Anna Gilbert, in her presentation entitled "Applications of Compressed Sensing to Biology", shows some of most recent results obtained with colleagues (one is Raghu Kainkaryam mentioned previously) performing Group Testing using Compressed Sensing ideas. The idea is to reduce the number of chips (SNP) for testing. The results are currently so so. The video is here.
When watching Assaf Naor's video at the intractability center, I did not realize that there were that many negative results in the Johnson-Lindenstrauss approach in other spaces.
Stefano Marchesini points out that the following reference: Increasing FTIR spectromicroscopy speed and resolution through compressive imaging by Julien Gallet, Michael Riley, Zhao Hao and Michael C. Martin. The abstract reads
At the Advanced Light Source at Lawrence Berkeley National Laboratory, we are investigating how to increase both the speed and resolution of synchrotron infrared imaging. Synchrotron infrared beamlines have diffraction-limited spot sizes and high signal to noise, however spectral images must be obtained one point at a time and the spatial resolution is limited by the effects of diffraction. One technique to assist in speeding up spectral image acquisition is described here and uses compressive imaging algorithms. Compressive imaging can potentially attain resolutions higher than allowed by diffraction and/or can acquire spectral images without having to measure every spatial point individually thus increasing the speed of such maps. Here we present and discuss initial tests of compressive imaging techniques performed with ALS Beamline 1.4.3?s Nic-Plan infrared microscope, Beamline 1.4.4 Continuum XL IR microscope, and also with a stand-alone Nicolet Nexus 470 FTIR spectrometer.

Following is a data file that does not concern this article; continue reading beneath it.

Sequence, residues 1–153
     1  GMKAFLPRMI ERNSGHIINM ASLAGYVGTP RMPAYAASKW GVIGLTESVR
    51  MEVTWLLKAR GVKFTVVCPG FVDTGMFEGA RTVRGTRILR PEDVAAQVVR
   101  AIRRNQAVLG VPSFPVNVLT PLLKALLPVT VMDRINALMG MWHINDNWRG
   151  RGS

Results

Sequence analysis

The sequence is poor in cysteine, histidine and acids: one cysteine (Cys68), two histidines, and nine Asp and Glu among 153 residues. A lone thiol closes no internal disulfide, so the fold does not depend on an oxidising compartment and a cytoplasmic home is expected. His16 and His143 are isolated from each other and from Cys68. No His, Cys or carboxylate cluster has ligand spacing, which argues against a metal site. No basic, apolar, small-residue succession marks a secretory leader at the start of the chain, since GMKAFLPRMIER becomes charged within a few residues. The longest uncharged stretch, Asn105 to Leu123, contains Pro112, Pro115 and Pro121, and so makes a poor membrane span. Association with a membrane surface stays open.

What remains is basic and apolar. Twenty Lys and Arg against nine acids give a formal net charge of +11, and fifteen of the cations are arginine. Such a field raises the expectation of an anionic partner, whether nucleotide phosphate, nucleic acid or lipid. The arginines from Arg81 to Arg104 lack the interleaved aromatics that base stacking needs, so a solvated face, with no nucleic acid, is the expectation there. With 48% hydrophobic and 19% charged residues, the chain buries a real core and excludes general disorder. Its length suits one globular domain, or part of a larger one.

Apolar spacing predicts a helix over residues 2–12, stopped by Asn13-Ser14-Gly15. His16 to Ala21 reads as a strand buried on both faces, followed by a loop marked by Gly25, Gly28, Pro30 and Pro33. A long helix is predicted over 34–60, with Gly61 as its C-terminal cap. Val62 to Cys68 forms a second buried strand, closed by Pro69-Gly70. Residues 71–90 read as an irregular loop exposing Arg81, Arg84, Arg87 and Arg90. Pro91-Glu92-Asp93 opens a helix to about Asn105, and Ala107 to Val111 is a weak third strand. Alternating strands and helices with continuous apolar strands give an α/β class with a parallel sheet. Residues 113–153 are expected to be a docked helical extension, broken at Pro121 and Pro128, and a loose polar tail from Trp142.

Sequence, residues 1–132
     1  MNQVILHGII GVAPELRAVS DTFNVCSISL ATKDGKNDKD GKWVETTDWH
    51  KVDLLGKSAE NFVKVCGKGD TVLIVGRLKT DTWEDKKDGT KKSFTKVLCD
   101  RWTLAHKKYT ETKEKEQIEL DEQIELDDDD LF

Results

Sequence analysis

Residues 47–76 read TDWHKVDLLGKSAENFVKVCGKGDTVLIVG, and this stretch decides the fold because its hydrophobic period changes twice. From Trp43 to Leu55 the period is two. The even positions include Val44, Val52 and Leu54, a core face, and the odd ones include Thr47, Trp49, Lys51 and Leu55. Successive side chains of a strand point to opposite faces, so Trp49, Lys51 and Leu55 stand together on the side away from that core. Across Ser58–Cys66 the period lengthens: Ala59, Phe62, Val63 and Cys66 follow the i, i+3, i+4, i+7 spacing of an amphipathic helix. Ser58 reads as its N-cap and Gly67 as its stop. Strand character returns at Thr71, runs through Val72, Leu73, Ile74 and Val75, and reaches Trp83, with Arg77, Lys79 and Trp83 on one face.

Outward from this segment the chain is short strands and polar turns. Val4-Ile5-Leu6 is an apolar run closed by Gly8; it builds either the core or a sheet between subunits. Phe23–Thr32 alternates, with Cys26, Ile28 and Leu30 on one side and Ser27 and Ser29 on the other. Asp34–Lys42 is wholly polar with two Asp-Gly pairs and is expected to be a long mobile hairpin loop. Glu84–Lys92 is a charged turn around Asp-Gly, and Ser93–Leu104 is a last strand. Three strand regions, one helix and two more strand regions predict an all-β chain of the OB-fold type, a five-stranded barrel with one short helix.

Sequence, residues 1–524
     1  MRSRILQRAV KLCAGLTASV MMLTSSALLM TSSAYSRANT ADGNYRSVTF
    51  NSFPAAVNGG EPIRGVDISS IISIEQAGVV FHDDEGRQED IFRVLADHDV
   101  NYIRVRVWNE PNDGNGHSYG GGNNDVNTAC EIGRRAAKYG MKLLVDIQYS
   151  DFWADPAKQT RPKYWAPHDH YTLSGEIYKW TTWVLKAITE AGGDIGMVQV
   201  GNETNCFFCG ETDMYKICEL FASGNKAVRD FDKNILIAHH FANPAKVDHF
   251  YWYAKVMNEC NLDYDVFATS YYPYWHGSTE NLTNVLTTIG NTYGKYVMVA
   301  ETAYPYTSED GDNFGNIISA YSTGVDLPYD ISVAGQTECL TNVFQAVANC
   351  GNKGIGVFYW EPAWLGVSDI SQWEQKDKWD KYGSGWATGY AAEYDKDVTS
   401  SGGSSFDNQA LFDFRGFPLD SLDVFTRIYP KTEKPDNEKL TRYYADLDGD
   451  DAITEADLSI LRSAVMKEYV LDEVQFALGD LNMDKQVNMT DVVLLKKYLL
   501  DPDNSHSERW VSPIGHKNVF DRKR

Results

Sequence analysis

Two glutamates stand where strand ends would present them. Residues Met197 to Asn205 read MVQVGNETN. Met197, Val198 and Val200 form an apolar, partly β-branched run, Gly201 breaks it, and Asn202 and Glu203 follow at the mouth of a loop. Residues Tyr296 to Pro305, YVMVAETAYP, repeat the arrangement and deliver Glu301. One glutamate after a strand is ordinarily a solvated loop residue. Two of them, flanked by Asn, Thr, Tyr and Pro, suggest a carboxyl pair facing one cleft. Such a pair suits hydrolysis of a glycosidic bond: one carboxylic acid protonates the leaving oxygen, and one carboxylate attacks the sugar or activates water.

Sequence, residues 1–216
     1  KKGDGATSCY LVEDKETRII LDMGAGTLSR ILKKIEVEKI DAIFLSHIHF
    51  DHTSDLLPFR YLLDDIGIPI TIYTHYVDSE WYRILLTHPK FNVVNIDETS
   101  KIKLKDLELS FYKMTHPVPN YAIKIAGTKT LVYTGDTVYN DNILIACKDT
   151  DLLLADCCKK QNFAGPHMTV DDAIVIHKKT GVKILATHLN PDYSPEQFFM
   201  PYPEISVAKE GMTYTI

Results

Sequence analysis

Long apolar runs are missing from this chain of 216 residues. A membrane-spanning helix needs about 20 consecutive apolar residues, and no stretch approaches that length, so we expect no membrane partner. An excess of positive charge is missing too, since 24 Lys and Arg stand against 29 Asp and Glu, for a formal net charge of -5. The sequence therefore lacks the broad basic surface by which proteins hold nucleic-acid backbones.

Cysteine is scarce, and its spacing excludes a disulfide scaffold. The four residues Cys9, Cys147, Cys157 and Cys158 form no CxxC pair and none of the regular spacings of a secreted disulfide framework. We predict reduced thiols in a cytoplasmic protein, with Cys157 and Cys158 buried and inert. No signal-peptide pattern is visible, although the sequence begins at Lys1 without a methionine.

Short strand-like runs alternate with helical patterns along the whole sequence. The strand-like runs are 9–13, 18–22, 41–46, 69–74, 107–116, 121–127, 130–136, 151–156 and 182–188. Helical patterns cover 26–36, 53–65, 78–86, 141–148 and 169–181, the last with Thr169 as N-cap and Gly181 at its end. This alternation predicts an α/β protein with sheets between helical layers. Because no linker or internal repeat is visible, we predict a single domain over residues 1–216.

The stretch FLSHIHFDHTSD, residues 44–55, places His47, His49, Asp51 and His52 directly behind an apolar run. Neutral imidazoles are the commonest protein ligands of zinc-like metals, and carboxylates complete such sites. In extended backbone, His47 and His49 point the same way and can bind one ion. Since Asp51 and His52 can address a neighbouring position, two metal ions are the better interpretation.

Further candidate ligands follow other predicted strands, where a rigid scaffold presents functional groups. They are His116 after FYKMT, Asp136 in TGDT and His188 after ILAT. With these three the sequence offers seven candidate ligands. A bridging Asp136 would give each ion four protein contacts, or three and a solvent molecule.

They are devising coded aperture with micrometer masks. The reconstruction is a traditional linear transform. I am sure they will eventually look at a nonlinear reconstruction technique to get a better spatial resolution as did Roummel Marcia and Rebecca Willett in Compressive Coded Aperture Superresolution Image Reconstruction ( the slides are here). I am also told by Ori Katz, one of the folks at Weizman performing Ghost Imaging (as mentioned here) that their reconstruction scheme is also linear. This is also the case of the coded aperture in the IR range that could be implemented in the LACOSTE program (as can be seen here and here). I think one of the main challenge of CS in the near future will be to characterize more straightforwardly how, in imaging (i.e. positive functions in 2D), nonlinear reconstruction techniques provide additional information than simpler and older linear algebra base reconstruction techniques.